Averages seldom tell the whole story.
If you want to zoom in even closer, check out the productivity gap between the manufacturing sector and the construction sector since the mid-1990s:
Via McKinsey & Co.
A figure as stark as that one leaves a single looming question: Why?
The short answer: bad organization, insufficient communication, poor planning, and a startling lack of accountability.
Essentially, we can attribute the decades-long decline in American construction productivity to the absence of a centralized collaboration solution where the people doing the work can make better decisions together.
Allow me to introduce you to Touchplan.
Dedicated to making construction sites run more smoothly, Touchplan is a completely web-based, fully collaborative software that helps everyone on your team get—and, more importantly, stay—on the same page for the duration of the project at hand.
It all starts with a plan.
When you start a new project within the Touchplan UI, you’re given a customizable schedule. Here, you and the rest of the project team decide on and create digital sticky notes to mark the work needed to complete the project.
Looking ahead in the plan to see what work is coming up.
Each ticket holds three crucial pieces of information: a task, the people who will complete the task, and how long the task will take to complete. Since the tool is allocated to the entire project, everyone on your team has full access to the schedule at all times.
Already, we can see why Touchplan works wonders for its clients in construction: It vastly improves organization, communication, planning, and accountability by empowering teams to make better decisions.
Adding a milestone to the larger plan.
The ability to break down the plan into succinct daily and weekly schedules makes short-term collaboration a breeze. Plus, thanks to an intuitive drag-and-drop interface, you can easily update tasks across your plan in real time according to what’s actually happening in the field.
And everyone on your team will see it instantly. Once everyone’s approved the new plan, it’s locked, loaded, and ready to be done.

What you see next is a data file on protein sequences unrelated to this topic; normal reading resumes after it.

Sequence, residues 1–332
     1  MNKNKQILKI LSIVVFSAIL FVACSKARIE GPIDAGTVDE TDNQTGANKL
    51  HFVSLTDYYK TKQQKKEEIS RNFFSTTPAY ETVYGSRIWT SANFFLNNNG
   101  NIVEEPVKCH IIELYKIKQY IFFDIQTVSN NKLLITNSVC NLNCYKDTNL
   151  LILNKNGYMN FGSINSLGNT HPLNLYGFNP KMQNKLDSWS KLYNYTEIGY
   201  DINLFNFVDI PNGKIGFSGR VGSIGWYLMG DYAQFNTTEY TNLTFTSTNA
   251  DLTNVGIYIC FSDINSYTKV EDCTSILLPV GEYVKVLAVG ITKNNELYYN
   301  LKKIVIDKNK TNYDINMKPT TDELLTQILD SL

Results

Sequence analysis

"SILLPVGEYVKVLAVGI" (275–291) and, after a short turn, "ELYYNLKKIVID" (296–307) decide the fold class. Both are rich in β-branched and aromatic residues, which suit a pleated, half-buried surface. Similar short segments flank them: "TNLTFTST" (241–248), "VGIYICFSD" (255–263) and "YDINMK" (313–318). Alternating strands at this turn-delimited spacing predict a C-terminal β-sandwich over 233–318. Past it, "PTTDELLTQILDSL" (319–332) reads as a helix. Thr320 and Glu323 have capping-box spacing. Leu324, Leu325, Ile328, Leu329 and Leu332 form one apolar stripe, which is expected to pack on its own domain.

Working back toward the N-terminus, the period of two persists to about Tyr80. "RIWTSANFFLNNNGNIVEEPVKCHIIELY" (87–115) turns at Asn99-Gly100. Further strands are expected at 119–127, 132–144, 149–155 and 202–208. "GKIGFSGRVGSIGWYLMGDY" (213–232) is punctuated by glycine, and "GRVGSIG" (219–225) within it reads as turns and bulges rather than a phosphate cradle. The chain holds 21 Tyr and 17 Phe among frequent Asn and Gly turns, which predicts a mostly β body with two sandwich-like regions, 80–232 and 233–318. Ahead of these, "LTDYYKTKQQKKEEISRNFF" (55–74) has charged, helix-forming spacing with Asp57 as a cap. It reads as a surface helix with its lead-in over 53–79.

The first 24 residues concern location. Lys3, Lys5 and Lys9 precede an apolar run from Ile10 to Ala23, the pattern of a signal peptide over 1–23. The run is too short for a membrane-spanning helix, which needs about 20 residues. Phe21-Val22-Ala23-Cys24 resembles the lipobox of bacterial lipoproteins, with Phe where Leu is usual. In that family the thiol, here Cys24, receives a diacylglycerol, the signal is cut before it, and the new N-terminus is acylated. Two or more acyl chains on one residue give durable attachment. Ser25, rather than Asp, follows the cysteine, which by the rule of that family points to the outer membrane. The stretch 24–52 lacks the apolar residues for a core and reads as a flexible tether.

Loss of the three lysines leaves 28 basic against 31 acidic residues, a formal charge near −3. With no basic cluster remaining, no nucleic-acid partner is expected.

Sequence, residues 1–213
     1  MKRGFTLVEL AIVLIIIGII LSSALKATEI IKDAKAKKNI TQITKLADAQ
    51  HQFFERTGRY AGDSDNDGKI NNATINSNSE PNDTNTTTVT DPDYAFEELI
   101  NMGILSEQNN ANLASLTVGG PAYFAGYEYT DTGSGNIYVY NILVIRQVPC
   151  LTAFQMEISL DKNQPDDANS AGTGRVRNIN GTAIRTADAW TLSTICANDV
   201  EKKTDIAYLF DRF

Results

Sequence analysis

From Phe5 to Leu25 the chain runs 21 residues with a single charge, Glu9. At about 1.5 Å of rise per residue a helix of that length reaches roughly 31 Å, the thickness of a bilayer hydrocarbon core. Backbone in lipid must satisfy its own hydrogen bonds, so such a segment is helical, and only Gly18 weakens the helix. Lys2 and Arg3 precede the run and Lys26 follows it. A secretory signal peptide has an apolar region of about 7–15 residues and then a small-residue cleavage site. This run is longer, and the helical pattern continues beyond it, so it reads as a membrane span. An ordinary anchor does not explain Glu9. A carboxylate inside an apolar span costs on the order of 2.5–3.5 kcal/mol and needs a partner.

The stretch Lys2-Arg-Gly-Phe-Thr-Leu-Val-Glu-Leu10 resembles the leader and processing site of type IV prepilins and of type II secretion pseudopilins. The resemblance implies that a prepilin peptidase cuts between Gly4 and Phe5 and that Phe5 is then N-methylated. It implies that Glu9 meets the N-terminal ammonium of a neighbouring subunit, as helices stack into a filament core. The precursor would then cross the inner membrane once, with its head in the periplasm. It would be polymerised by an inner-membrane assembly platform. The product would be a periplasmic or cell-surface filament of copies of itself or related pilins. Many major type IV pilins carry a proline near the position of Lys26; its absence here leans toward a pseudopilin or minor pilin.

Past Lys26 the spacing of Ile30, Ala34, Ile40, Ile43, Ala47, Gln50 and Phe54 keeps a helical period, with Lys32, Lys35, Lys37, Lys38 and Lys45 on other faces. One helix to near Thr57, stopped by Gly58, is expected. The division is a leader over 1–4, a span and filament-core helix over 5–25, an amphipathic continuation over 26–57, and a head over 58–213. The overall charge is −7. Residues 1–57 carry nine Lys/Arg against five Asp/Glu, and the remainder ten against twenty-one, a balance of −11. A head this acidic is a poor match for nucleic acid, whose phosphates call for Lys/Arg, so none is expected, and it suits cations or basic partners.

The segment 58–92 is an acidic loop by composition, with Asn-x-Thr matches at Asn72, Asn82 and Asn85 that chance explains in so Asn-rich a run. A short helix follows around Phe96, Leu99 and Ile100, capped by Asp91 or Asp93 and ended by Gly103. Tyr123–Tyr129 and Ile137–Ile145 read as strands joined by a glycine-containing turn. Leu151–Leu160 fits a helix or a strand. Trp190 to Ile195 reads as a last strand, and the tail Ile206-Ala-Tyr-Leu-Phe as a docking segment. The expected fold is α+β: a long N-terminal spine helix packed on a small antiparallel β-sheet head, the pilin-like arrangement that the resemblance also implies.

By preventing the back-breaking mishaps that arise from poor planning and communication, Touchplan enables their customers to work as productively as possible—and to unlock the potential that’s present, even if everyone can’t see it all the time.
Jen Nussinow, director of marketing at Touchplan, has a lot going on.
Since joining the Touchplan team in May 2017 as the associate director of marketing, she’s taken on pretty much everything: website development, initial content marketing strategy (working with a fantastic content manager to help produce helpful industry-related pieces), product marketing, lead generation, and local partnerships.
This is Jen.
Prior to her foray into construction collaboration software, she scaled many a business through social media marketing and advertising while working for Boston-based digital agencies. She even became CMO of adopets, a tech company that helps pet companies find the perfect customers for their animals.
In other words: Jen’s been around the ‘ol digital marketing block a time or two.
Nonetheless, her transition to marketing to the construction sector brought no shortage of unique challenges. She talked to our own Kim Castings, senior customer marketing specialist, about some of the most daunting ones.
“Being a marketer, you get really excited about the glittery, shiny things that are out there—the cutting edge ways that you can promote your product,” says Jen.
Generally speaking, however, the men and women who work in construction are rather unconcerned with all the flashy stuff that (for some reason) gets marketers so amped up.
“The construction sector is old school, and that poses a challenge for us. As marketers, we operate in an entirely digital environment. People often come out and say stuff like ‘Pinterest ads are the next big thing!’ Well, guess what. The men laying concrete and the women putting up drywall don’t really care about Pinterest ads.”